Kiddie Kure

film no. 195

technical details:

Production 2687.

Release no. C-294.

Filmed May 27 to 31, 1940.

Copyrighted November 11, 1940, by Loew's Incorporated. Registration no. MP10646. Renewed November 14, 1967, with registration no. R422053. This copyright is currently due to expire at the end of 2035.

Released November 23, 1940. It was the 195th film in the series to be released.

All-talking one-reeler, lasting 10 minutes and 46 seconds.

Opening title: 'Metro-Goldwyn-Mayer presents Our Gang in "Kiddie Kure".'

the crew:

Produced by Jack Chertok and Richard Goldstone for M-G-M
The film credit reads: Produced by Loew's Incorporated.
Directed by Edward Cahn
This credit appears in the film.
Director of Photography: Jackson Rose, A. S. C.
This credit appears in the film.
Film Editor: Leon Bourgeau
This credit appears in the film.
Screen Play by Hal Law and Robert A. McGowan
This credit appears in the film, but without McGowan's middle initial.
Art Director: Richard Duce
This credit appears in the film.
Released by Metro-Goldwyn-Mayer
Indicated in the opening title card.
Western Electric Sound System
As indicated in the film.
Approved by the Motion Picture Producers & Distributors of America
Passed by the National Board of Review
As indicated in the film.
Teacher: Fern Carter

the kids:

Carl "Alfalfa" Switzer as "Alfalfa"
Featured role. He and the other kids are spooked by the hypochondriac and the butler. Alfalfa has the extra job of looking after his little brothers. This was his final appearance in the series.
George "Spanky" McFarland as "Spanky"
Featured role. He has most of the dialogue among the remaining kids and is essentially the leader among them.
Billy "Froggy" Laughlin as "Froggy"
Supporting role. He's mostly along for the ride until Mr. Morton hears him talk. He also provides the final gag.
Mickey Gubitosi
Supporting role. He has a fair amount of the dialogue among the kids.
Rollie and Bobby Jones as "Tisket" and "Tasket"
Supporting roles. These are Alfalfa's little brothers. The gang searches for them throughout the house. Maltin & Bann specify that Rollie plays "Tisket" while Bobby plays "Tasket," but I don't see how they were able to tell.
Billie "Buckwheat" Thomas
Supporting role. The nickname wasn't used in this film. He's present with the gang throughout the film, but doesn't do anything specific.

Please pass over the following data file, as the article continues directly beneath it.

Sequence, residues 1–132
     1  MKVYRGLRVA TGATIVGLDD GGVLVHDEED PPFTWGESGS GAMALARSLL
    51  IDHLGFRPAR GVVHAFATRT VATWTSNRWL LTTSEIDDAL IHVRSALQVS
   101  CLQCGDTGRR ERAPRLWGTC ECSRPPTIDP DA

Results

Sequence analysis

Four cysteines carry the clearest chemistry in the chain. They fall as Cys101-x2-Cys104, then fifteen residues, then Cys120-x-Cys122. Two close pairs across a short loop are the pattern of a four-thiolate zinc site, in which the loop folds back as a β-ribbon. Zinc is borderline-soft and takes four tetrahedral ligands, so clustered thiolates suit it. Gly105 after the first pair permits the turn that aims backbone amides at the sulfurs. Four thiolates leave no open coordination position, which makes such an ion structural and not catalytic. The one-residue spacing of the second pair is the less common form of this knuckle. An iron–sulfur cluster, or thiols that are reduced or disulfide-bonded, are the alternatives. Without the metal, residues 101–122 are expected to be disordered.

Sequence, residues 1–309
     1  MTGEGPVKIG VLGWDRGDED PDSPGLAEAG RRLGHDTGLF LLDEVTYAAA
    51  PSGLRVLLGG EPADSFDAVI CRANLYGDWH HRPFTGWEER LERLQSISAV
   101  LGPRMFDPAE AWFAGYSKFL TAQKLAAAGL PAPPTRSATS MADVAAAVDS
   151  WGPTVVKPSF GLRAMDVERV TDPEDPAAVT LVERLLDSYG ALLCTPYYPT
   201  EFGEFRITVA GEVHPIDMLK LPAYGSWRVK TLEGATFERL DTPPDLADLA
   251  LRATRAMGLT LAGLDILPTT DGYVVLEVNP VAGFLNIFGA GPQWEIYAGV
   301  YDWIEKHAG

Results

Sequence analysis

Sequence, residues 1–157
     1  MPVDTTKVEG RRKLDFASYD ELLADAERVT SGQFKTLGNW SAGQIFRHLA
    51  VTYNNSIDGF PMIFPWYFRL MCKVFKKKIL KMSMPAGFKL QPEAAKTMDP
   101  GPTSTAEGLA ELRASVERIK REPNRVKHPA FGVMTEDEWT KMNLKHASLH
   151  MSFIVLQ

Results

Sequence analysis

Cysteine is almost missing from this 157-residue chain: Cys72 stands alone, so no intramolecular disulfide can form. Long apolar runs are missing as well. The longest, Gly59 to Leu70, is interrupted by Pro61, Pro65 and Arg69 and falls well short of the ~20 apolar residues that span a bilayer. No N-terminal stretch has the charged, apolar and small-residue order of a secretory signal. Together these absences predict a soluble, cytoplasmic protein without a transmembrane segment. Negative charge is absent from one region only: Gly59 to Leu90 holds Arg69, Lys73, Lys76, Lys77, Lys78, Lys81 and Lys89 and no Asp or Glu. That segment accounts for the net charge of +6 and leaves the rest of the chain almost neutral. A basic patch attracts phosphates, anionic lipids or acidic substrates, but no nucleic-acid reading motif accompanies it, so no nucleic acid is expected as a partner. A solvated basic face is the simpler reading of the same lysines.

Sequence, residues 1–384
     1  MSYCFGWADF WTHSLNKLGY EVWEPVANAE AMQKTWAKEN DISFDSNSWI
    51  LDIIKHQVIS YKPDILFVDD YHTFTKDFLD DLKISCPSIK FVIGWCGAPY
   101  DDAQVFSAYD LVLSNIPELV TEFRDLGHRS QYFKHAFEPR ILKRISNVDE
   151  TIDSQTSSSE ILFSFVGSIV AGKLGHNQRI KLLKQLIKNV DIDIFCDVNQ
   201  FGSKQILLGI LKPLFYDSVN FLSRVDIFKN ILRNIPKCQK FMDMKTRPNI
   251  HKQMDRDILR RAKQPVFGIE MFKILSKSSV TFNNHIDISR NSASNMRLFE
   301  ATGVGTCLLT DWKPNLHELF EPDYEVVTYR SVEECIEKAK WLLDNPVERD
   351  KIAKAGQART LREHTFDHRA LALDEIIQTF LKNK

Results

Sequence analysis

Darla Hood
Supporting role. She's also present the entire time, but is purely an ensemble player.
other kids
Maltin & Bann reveal that the other baseball team in this film is called Morton's Mugs, and that Hugh Chapman and Freddie Chapman are among them. Presumably, publicity photos reveal this information. In the final film, the feet of a few of these kids can be seen as they run from the house after the window is broken.

the animals:

Bit part. The only animal in this film is the MGM lion.

the adults:

Thurston Hall as "Bill" aka "W. Morton"
Lead role. He's given onscreen credit. While talking to the kids, the doctor refers to him as "Old Man Morton." He's an elderly hypochrondriac whose wife is planning to adopt some kids, so he and the butler make a mess with the idea of framing the gang.
Gerald Oliver Smith as "Evans," the butler
Featured role. He assists Mr. Morton in making a mess of the house.
Edwin Stanley as "Malcolm Scott, M. D."
Supporting role. Spanky calls him "Mr. Doctor." He presribes placebos for Morton and suggests the adoption of some kids.
Josephine Whittell as "Julia" aka "Mrs. Morton"
Small part. She agrees with the doctor about adopting kids, but then goes out for awhile and isn't seen again until the end of the film.
other adults
Bit parts.
(1.) The chauffeur.
(2.) At least four people shown in portraits around the house.

the music:

"Our Gang" by David Snell
This is played over the opening titles. This is the earlier recording, used prior to "The Big Premiere" (no. 189). This is a medley of three songs:
(1.) "London Bridge" - The earliest reference to this nursery rhyme is in a play from 1659, and it was associated with children by 1720. It may derive from a part of the "Heimskringla" by Snorri Sturluson, which was composed around 1225.
(2.) "Mulberry Bush" - Also known as "So Early In The Morning" and "This Is The Way." It was probably originally called "Here We Go Round The Bramble Tree" in the mid 18th century, with the type of tree changed by inmates of Wakefield Prison, who exercised around a mulberry bush.
(3.) "The Farmer In The Dell" - This nursery rhyme is of uncertain origins.
"The Gang Goes Home" by David Snell
This is a shorter version of "Our Gang," including only "London Bridge."


Five shooting dates went into the making of this film, from May 27 to 31, 1940.

In the category of unseen characters, the maid in this film is named "Delia."

See page 236 of Maltin & Bann's book for this film's expenses and profits.

© Robert Demoss.

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